A Look At Beavers

The other day, coming back from Fresno on Highway 41, about .6 mile south of the Bates Station Road turnout just below the 1000 foot elevation sign (photo of the terrain, it’s not exactly the place you would expect to find beavers. I’ve never seen a beaver up close before, and the size of it shocked me. These things are huge, and they are very fat. And the paddle is very large. I looked down and saw a small stream flowing under the highway (see the stream on the not even a wolverine, can get into them, and a wolverine can get into about anything less secure than a locked bank vault. And I’m not sure if this is urban legend, but water engineers supposedly marvel at beaver dams. They look at them and say, “I can’t believe they did that.” The beaver is an expert at his dam-building. Experiments have been done by poking tiny holes in the dams, holes that would be hard to find or even discover that they existed. By nightfall, the beavers quickly discover the hole and patch it up. Beavers are actually very beneficial, and ecosystems in North America and Europe probably evolved with them. It’s thought that much of the rich bottomland in the US was created in part by beavers over thousands of years. Beaver dams remove pollutants, clean the water, are good for flood control, and regulate the water cycle. Here in California, that’s important. So streams and rivers here with beaver dams on them have lessened high flows in the rainy seasons (fewer floods) and increased flows in the dry season (more likely to flow all year instead of being seasonal as so many streams are here). After a few years, beavers abandon their dams as they cut down most of the small trees in the area. After they leave, the dam breaks down and the area turns into a wetland. Then it turns into a meadow as grasses and forbs move in. Next it becomes a riverine riparian forest, by which time, the beavers are back and the cycle begins again. The result is a creation of a serious of rich bottomlands created by all of the decayed wood at the bottom of the beaver pond. Beavers in the US and Canada were decimated by the fur trade for beaver pelts. I guess they are pretty easy to trap. The beaver pelts had many uses, but many were made into beaverskin hats. In Europe, beavers were also trapped out, mostly for the camphor or camphorum, a medicine that comes from the beaver. This medicine comes from beaver testicles. The beaver is killed and the beaver balls are chopped off. Then the beaver nuts are dried and ground up into castoreum which is apparently consumed as a medicine. It ‘s used as an analgesic. The castoreum comes from the salicin in the beaver’s diet, which comes from the willow trees that it eats. Salicylic acid from willows is the source of aspirin. There are two species of beaver, the Canada Beaver in the US and Canada and the European Beaver in Europe. The paddle is used to slap the surface of the water to warn the other beavers of danger in the form of humans or predators. The beaver is not much active by day,  and it stays in the water if it is active. At night, it can leave water and wander. At this time it quite vulnerable to predators as it is slow-moving on land. Nevertheless, it is seldom taken by predators, and the beaver’s worst enemy is man. Beavers are now plentiful all over the US and Canada again after being nearly trapped to extinction in the 19th Century. They were transplanted to Tierra del Fuego, where they lacked predators and went invasive, devastating the landscape. The trees on the island do not coppice, so they can’t withstand the beavers’ depredations. Tierra del Fuego is now trying to get rid of its beavers. In Europe, wild beaver populations still exist in Northern Germany and in parts of Sweden, Norway, Denmark and Finland. They survived only in Norway, but from there they were reintroduced to Sweden and Finland. The Danish population was reintroduced 10 years ago, 1000 years after their extinction. It is now being transplanted to various other places in Europe, including England (see here and here), 500 years after their extinction. There are plans to reintroduce beavers to Scotland this year, 400 years after going extinct. As an aside, traditionally Catholics were not supposed to eat the meat of land animals on Friday, so Catholics often ate fish instead. There was a big debate in the Catholic Church about beavers. This was resolved by the Church concluding that beavers were fish for the purposes of dietary law. Catholics are idiots, but they are not that stupid. They know full well that a beaver is not a fish. But for dietary law, a beaver was considered a “fish” because any land animal that spends most of its time in water was regarded as a fish. Hence, Catholics could eat beaver on Fridays. I can see the dirty jokes now, commenters. Beaver, like skunk actually tastes pretty good if you clean it very carefully to keep the skunk-like musk gland from contaminating the meat. While skunk tastes like (Guess what?) chicken, beaver tastes like lean beef, but I’ve yet to take the plunge. However, with Vatican II, I believe that Catholics no longer have to abstain from meat on Fridays? Good overview of the beaver in California, but the map is wrong (the beaver ranges further than indicated).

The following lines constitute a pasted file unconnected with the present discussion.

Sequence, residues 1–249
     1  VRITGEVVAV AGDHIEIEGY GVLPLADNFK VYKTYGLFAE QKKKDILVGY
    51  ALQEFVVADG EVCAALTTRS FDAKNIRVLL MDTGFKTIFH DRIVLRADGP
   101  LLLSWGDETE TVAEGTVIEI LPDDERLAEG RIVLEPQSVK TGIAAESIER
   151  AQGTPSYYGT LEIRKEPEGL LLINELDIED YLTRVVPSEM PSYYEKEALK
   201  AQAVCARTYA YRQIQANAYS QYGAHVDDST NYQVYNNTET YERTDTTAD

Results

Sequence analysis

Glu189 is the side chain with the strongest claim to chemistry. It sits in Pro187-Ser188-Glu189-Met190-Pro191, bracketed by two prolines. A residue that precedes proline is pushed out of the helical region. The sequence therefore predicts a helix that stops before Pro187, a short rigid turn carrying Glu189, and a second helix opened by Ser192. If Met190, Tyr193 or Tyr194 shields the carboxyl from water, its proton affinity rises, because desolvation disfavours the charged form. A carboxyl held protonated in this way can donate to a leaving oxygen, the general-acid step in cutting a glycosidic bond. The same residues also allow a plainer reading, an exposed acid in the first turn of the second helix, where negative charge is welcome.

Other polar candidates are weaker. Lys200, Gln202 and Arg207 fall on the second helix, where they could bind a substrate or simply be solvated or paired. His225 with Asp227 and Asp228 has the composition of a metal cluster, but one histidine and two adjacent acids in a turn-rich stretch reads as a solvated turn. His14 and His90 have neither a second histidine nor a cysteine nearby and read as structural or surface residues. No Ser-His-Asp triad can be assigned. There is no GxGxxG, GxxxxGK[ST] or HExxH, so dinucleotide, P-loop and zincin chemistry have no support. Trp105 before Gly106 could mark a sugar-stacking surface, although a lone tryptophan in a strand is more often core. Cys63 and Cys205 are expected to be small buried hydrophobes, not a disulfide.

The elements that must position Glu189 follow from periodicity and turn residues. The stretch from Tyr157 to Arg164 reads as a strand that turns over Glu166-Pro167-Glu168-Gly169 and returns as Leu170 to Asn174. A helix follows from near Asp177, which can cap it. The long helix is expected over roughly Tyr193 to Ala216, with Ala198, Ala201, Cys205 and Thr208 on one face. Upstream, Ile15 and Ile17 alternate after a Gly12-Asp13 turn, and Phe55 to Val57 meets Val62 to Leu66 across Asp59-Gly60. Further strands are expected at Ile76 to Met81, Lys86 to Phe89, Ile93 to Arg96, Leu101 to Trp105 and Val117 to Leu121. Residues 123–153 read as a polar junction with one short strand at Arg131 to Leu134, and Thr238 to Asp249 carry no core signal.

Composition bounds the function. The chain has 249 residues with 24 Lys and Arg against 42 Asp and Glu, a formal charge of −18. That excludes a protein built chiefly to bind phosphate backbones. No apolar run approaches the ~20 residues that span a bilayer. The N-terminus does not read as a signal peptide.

Please follow and like us:
Tweet 20

8 thoughts on “A Look At Beavers”

  1. Six years ago I was coming out of Kings canyon national park headed into fresno. I can’t remember what road it was. I saw a dead racoon on the side of the road. It looked like it just laid down to sleep, but I knew better. For some reason it profoundly disturbed me. It was one too many deaths for me.

  2. “Beavers”? How about a nice, detailed post about your personal experiences in the black school system?
    What’s wrong with you racists anyway? You guys have a one track mind. Can’t you think about anything else?

Leave a Reply

Your email address will not be published. Required fields are marked *


Enjoy this blog? Please spread the word :)